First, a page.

Being a great teacher isn’t all about the relationships that you build with students. While important, that relationship will become superficial and students will aim to take advantage of it without a rigorous and serious learning environment. That learning environment stems from your subject matter knowledge. A teenager wants to know that you know what you are talking about. Nothing turns a teenager student off to the learning process when they have lost faith in your knowledge of the material. They can tell when you aren’t that into it or if you are just skimming the surface, following the textbook and making the learning experience shallow, boring, and redundant. 

If you want them to be at their best you have to give them something to strive for. 

  1. Consistency 

A great basketball player isn’t great because they scored 50 points in one game and then scored 4, 7, 9, 3, 2, and 11 in the following six. Great players are consistently great. Fans know what they can expect and opposing players know what they are up against game after game. In a learning environment it is this consistency that will create a lasting impression and long-term respect from students. If you run hot and cold, let your emotions change how you teach, or fluctuate in your level of preparedness this will all impact the expectations and student-teacher dynamics. 

This doesn’t mean that you have to play the best game of your life every day in your learning environment. It just means that you have to be steady and consistent with who you are, play to your strengths, and give students a consistent opportunity to grow.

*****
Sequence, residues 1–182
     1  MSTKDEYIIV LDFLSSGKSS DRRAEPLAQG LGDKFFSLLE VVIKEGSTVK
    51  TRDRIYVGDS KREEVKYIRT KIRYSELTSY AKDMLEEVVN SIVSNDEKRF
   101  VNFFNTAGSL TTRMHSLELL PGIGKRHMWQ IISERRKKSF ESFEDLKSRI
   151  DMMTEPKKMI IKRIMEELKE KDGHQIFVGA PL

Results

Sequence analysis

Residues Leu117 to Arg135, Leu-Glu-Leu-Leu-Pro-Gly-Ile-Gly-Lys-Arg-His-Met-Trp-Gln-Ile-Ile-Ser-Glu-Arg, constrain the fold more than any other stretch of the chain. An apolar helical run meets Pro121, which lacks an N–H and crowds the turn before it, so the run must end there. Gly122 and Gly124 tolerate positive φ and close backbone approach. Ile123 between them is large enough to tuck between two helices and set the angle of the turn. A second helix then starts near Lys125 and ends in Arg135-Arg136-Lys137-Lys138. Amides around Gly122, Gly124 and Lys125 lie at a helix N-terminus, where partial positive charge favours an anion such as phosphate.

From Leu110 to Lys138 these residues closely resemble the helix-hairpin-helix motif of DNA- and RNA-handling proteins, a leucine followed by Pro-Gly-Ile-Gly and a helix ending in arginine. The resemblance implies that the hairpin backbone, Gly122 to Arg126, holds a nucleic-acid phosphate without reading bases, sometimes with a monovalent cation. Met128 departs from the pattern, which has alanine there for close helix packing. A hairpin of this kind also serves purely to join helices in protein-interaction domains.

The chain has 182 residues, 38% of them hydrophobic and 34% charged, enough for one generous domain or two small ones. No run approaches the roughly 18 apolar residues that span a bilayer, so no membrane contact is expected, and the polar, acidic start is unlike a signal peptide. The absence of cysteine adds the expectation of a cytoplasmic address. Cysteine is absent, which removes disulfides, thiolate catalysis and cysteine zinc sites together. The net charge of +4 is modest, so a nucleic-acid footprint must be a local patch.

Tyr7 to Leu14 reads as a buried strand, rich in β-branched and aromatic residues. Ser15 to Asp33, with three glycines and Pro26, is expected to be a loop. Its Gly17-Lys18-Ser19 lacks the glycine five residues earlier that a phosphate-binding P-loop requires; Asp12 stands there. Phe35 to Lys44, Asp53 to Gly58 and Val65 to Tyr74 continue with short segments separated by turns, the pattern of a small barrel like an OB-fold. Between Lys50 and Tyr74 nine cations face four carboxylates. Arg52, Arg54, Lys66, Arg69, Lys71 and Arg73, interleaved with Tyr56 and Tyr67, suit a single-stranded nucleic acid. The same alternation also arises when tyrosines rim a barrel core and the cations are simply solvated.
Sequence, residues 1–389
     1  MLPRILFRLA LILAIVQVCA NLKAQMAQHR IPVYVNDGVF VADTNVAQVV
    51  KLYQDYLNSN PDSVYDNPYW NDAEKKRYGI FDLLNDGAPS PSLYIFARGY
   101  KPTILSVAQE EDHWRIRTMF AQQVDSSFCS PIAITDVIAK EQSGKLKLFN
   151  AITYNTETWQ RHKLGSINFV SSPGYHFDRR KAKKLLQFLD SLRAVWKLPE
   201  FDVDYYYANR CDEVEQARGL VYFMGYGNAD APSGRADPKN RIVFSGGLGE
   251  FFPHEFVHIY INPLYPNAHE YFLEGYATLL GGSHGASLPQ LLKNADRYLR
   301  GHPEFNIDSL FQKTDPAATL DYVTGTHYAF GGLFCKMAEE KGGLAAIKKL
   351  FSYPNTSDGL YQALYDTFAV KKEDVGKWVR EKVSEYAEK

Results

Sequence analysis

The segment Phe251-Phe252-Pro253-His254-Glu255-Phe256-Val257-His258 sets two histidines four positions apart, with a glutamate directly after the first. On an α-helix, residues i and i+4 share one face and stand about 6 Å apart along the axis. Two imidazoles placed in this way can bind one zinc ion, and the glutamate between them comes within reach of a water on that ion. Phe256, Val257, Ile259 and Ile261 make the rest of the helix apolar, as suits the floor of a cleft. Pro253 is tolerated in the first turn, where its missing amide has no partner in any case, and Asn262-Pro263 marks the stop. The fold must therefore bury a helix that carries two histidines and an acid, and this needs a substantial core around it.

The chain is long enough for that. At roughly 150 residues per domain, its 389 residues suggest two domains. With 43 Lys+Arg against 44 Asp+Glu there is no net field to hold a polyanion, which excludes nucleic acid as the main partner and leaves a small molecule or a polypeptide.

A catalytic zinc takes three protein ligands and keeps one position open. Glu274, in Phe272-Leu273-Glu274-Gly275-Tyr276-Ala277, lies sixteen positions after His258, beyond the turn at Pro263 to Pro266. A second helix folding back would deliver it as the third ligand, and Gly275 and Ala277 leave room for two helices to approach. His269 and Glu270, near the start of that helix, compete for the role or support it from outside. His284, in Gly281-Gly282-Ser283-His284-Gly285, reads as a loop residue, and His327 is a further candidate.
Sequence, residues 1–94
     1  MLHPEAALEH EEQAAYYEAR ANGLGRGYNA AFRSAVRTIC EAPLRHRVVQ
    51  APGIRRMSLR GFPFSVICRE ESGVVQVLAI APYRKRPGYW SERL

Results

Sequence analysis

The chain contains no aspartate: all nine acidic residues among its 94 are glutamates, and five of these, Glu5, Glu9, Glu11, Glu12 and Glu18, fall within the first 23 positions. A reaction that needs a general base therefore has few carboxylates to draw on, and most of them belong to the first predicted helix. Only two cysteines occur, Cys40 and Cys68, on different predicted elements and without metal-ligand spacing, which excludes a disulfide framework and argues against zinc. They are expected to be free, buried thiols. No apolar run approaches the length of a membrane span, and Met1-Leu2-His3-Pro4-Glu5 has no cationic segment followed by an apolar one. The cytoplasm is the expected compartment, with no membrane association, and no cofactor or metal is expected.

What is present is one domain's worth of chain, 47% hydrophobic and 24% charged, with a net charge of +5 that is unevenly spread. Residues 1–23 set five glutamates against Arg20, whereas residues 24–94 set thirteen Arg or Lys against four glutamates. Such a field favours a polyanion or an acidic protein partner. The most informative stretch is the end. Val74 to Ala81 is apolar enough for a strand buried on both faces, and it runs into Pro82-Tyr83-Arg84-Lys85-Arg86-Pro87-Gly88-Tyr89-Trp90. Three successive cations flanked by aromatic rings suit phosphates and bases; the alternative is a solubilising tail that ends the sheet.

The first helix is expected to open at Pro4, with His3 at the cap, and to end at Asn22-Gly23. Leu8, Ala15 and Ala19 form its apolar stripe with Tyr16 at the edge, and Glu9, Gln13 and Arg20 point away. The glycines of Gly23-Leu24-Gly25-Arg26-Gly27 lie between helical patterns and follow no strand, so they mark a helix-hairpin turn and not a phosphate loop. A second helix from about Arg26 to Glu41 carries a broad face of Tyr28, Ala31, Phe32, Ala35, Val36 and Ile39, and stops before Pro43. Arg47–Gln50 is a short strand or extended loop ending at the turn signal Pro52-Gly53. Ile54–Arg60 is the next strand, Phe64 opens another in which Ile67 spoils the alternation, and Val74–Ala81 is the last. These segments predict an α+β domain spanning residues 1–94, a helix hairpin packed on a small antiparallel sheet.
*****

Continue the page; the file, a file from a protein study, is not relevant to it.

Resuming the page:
1. Kaizen

Kaizen is a Japanese philosophy of continuous improvement. Great entrepreneurs never stop getting better. They are always trying to improve and hone their skills and their craft. They do so because it is in their nature to improve. Not because they are forced to for some “personal development” requirement. A great teacher looks at their learning environment the same way that an entrepreneur looks at their business. 

Students sense this in your approach and lifestyle. It is also something you can model for them. When they see you constantly questioning, learning, and growing and doing so not because you feel you have to but because you want to you are modeling what success in life looks like. 

  1. Excellence 

The higher the standard the more likely you are to raise the average. When an adult, teacher, coach sets a low standard of behavior kids, students, and players will sink to that level. As adults there is a saying that you are the average of the five people you spend the most amount of time with. This saying depicts what we intuitively know, we rise and fall to the level of our environment. 

In order to create an exceptional learning environment YOU must be the leader and control the standard. When you do this you will come to realize that students enjoy being held to a high standard, students do not want anarchy in the classroom, and that students want you to lead so that they can learn how to follow and focus on learning. 


An important aspect of representing these characteristics is that they do not just impact how you teach and how much your students learn with regards to the subject matter. You also become a professional role model on how a successful adult and contributing member of society should carry themselves. These characteristics aren’t just teaching and coaching traits but really leadership qualities in any endeavor. They should be modeled and taught as such. You should tell your students why you act the way you do so they can see you in action as a leader, professional, mentor, and a teacher and learn how to do the same. For that is the true legacy of being a great teacher, you never know where your influence stops.